by Trish Connelly Aug 8, 2017 | Tags: film, indie comedy, indie drama, jessica williams, jim strause, netflix, review, the incredible jessica james


Released July 28th on Netflix comes director Jim Strause’s indie comedy/drama, The Incredible Jessica James, asserting Jessica Williams in the spotlight as she navigates the pitfalls and challenges of what it’s like to be a domineering woman in her mid-20’s living in New York. Striving to be a playwright, James lets her knowledge and creativity run rampant with her young students during her playwriting class while her apartment walls are continually covered in rejection letters from New York theater companies. As an attempt to get over her ex-boyfriend Damon (Lakeith Stanfield) of two years, James’ best friend Tasha (Noël Wells) sets her up with a recently divorced acquaintance, Boone (Chris O’Dowd). Coming from strikingly differing backgrounds, the two manage to find common ground when it comes to grieving over their ex partners and gradually find mutual affection as they continue to get to know each other. As captivating a watch as The Incredible Jessica James is, the film only gets to skim the surface exploring the intricacies and nuances of a multi-layered women wrapped in both self-assuredness and vulnerabilities.

 

 

Set deep in the heart of Bushwick, 25 year old Jessica James doesn’t shy away from confronting the stereotypes and expectations of modern online dating. The film opens with a first Tinder date, leaving her suitor gaping and stumbling for his words after her honest quips and low-expectations of where she thinks the night will lead, yet we realize in the next scene she’s preoccupied and not over prior relationship after she tells her date to fake engagement in verbal sexual chemistry once she sees Damon walk into the bar with a date of his own. After meeting Boone, he describes their date as “interesting, in an anthropological way”, with James more concerned about getting to the heart of the matter rather than faking interest in contrived conversation. Strause’s use of Jessica’s dream sequences (all seeming to involve Damon) bears a glimpse into her subconscious as she comes to terms with her grief and the end of her relationship while simultaneously exploring new romantic territory with Boone.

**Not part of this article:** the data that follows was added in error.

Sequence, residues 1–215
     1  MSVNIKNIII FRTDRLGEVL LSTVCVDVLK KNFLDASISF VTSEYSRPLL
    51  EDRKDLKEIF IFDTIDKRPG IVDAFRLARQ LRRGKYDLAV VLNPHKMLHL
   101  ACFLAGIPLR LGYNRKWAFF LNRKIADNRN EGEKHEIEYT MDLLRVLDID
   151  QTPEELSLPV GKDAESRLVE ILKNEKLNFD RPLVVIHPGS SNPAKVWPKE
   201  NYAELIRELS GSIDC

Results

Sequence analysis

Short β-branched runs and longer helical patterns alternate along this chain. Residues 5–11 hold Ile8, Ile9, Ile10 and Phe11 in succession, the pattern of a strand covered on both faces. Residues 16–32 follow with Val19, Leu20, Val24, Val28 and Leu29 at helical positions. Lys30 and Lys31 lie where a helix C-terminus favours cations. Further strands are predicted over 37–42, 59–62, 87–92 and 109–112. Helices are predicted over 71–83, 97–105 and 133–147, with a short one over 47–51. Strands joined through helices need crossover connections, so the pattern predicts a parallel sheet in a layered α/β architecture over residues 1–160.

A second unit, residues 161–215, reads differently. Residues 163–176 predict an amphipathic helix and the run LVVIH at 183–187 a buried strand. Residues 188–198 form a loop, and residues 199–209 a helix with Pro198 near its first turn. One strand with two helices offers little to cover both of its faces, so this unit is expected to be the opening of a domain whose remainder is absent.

While romantic tendencies permeate throughout the film, Strause also focuses on James’ career and her passion for playwriting. Hyper-focused on achieving her goals, James eagerly awaits her (rejection) letters in the mailbox, calls her best friend in a state of ecstasy after an “encouraging” rejection letter and states that she’s not interested in having fun or living a lackadaisical life. After a trip back home to visit her family for her sister’s baby shower, vastly alternate worlds collide as Jessica puts on fake and deflated affairs of happiness when interacting with her family who are steeped in traditional roles and expectations. When returning to New York she becomes a more vulnerable human being and admits that she’s really “insecure about everything”. Her once tough exterior is now broken, but instead of being pitied or deemed weak, James portrays a likeable and multi-dimensional character who isn’t always rational or upbeat. The Incredible Jessica James explores the uncertainties and obstacles that we inevitably face in our mid-twenties, allowing our protagonist to push boundaries and test how far she’s willing to go, while still remaining resilient and finding her balance.

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